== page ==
ArtScape Festival

ArtScape returns to Old Town Winchester on June 26 from 2-7pm. The event will be held at the Old Town Event Center at 403 S. Loudoun St. and is free and open to the public.

The festival will feature live music, artist booths for the 2010 banner artists, and wine, beer, food and beverages for sale. The food and beverage and art sales will help to kickstart the 2011 ArtScape program as well as fund other art-related projects downtown.

For more information, call the Shenandoah Arts Council at 540-667-5166. Visit SAC online at www.shenarts.org.

46th Annual Meeting on June 26

PHW’s 46th Annual Meeting is scheduled for June 26 at 3 p.m. at the Hexagon House, 530 Amherst St. The meeting will begin with a review of the fiscal year. Following that presentation, the 2010-2011 board will be elected by the membership. This year the by-laws will also be revised. Before adjourning for a reception, the 2010 Preservation Awards will be presented.

Two Properties Named to State Endangered List

Vic Bradshaw covered the news of the Taylor Hotel and the Aulick house at 414 South Braddock Street being listed in a state-wide list of endangered properties. While  it is not an honor, it is a hope that the  inclusion of the properties will raise awareness of the serious risks of  deferred maintenance.

[Richard] Bell said that while he hopes the exposure of the two properties on the endangered list will prevent other owners from letting structural problems linger, PHW is concerned that one or both buildings could disappear from the local streetscape.

“There is a real risk,” he said, “of losing them forever.”

Click here for the Winchester Star story. (Login required).

Click here for the full list of endangered properties recognized by Preservation Virginia.

Two Structures on Mall Declared Blighted

City Council voted unanimously to declare the Taylor Hotel and the “Blind Faith” building, both on the Loudoun Street Walking Mall, blighted structures at last night’s Council meeting.

While there is no word yet on future action for the “Blind Faith” building, a potential purchaser is looking to buy the Taylor.

In a phone interview, Erik Wishneff said  the development group [Brian Wishneff & Associates] has presented a signed contract to Denver Quinnelly, a Lafayette Plaza principal. The development group still has due-diligence work to complete before the sale is completed, he said. . . .

Brian Wishneff & Associates . . .  is the co-owner of the second phase of the Our Health complex and has worked with Oakcrest Development to manage the tax-credit process for a historic building on Loudoun Street.

To read more of last night’s City Council coverage, visit Vic Bradshaw’s article Council declares three structures as blighted, including the former Taylor Hotel building at the Winchester Star Online (login required).

Two Meetings in May for Preservation Virginia

The Northern Shenandoah Valley Branch of Preservation Virginia will have two meetings in May 2010.  The first meeting is the rescheduled winter quarter meeting that was cancelled due to the snow.  The second meeting is the regular spring quarter meeting.

The meetings will be at Springsbury Farm in Clarke County on May 2, 2010, and at the Hottel-Keller Homestead in Shenandoah County on May 16, 2010.   These sites, located in the northern and southern parts of the NSV Branch territory, represent two very different examples of settlement in the Shenandoah Valley.  Both sites are in the development stage with on-going research and planning efforts for the long-term preservation and public interpretation of historic resources.  The NSV Branch is honored to offer you the rare opportunity to see these properties and to witness historic preservation in action.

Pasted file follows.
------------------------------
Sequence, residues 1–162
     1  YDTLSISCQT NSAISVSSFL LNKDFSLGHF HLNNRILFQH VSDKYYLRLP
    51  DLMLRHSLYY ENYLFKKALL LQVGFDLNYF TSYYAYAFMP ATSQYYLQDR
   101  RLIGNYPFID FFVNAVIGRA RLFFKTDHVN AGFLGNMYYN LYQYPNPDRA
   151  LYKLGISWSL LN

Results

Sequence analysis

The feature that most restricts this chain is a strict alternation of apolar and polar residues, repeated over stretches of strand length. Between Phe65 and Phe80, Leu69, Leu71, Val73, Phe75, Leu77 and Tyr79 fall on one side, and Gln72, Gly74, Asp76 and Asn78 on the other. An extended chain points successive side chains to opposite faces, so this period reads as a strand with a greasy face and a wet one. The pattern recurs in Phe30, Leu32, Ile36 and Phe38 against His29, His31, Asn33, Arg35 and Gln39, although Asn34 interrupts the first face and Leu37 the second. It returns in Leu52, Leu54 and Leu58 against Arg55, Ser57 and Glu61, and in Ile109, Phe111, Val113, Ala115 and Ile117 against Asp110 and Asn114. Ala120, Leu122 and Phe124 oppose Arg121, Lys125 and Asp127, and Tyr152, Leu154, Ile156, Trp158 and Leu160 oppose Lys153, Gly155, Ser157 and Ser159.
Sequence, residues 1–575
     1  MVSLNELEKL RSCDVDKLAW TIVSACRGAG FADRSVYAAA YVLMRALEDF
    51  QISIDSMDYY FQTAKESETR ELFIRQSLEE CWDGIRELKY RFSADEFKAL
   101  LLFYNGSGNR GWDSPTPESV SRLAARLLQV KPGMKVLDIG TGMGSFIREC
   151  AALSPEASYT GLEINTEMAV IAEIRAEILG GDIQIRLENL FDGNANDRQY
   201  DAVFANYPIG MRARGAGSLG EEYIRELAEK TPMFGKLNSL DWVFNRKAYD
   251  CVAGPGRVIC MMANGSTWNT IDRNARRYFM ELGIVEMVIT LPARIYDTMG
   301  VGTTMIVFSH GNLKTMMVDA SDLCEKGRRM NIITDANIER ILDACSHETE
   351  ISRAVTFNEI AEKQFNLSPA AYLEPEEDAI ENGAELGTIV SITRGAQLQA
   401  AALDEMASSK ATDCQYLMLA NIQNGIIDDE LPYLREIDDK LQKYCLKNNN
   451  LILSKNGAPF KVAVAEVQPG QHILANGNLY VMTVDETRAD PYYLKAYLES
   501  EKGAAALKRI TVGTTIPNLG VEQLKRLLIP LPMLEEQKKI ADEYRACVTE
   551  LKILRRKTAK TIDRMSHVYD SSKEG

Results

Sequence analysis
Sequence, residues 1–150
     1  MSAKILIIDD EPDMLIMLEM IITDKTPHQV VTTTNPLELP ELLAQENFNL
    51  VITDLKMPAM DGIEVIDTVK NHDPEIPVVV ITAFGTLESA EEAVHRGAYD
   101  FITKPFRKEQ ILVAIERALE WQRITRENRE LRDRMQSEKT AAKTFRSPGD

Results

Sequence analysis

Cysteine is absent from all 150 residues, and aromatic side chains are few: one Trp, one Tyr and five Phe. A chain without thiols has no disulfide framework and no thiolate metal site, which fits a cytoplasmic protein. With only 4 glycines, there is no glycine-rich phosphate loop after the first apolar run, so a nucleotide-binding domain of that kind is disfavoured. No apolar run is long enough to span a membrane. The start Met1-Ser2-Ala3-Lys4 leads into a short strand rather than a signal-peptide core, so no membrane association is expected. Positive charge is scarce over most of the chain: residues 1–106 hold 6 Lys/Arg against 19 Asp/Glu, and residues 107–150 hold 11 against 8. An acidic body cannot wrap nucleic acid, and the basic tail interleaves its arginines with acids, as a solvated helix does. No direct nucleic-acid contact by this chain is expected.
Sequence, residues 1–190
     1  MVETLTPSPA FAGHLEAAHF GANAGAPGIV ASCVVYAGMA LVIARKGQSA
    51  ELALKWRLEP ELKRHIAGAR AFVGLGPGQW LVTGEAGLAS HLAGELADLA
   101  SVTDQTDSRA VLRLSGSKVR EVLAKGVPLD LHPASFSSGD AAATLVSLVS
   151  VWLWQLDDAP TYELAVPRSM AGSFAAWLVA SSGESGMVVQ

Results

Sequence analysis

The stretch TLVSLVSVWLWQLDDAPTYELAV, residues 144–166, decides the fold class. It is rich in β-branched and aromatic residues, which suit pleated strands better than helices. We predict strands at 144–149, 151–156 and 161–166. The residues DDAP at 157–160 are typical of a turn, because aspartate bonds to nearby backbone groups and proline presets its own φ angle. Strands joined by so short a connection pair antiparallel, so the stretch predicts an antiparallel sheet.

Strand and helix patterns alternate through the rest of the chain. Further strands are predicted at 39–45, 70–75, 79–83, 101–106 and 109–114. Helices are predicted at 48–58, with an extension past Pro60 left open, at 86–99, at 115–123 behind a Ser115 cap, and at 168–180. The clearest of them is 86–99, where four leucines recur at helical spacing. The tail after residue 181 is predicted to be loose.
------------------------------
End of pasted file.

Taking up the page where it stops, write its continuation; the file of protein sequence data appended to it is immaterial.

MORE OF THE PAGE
Continue reading Two Meetings in May for Preservation Virginia

One City, Two Districts

As the rezoning request of the Amherst Street corridor last week highlighted, Winchester’s local historic district and National Register district currently have different boundaries.  What does this mean for property owners? Currently, the Amherst corridor has  the regulation of the local Board of Architectural Review, but none of the financial incentives available to other properties that fall within both the local and national districts.

Dave Shore, a Planning Commission member who served on the Historic District committee, said he thought the panel’s intent was to seek expansion of the national district to mirror the local district.

That would provide economic incentives for property owners to improve buildings currently subject to BAR governance but without the fiscal advantages of being in the national district.

The hope is that the incongruities noted in the survey will drive the redrawing of the city’s historic district, potentially contracting the district from “non-contributing” resources and expanding to include contributing resources currently ineligible for tax benefits.

To read more about the potential boundary changes from the architectural and cultural resource survey, visit Vic Bradshaw’s article at The Winchester Star Online. (Login required.)

Amherst Street Rezoning

Proposed plans to remove the Historic District overlay from several properties along the Amherst Street corridor were not recommended to move forward at yesterday’s Planning Commission meeting.

As Vic Bradshaw reported,

. . . Chairman Nate Adams objected to removing the property from the local historic district specifically to advance a project. He said other businesses have obtained BAR approval to build in the district, and he was concerned that others might expect similar consideration in the future.

‘I’m not sure why we should carve out an exception here,’ said Adams.

Read the full article at The Winchester Star online (login required).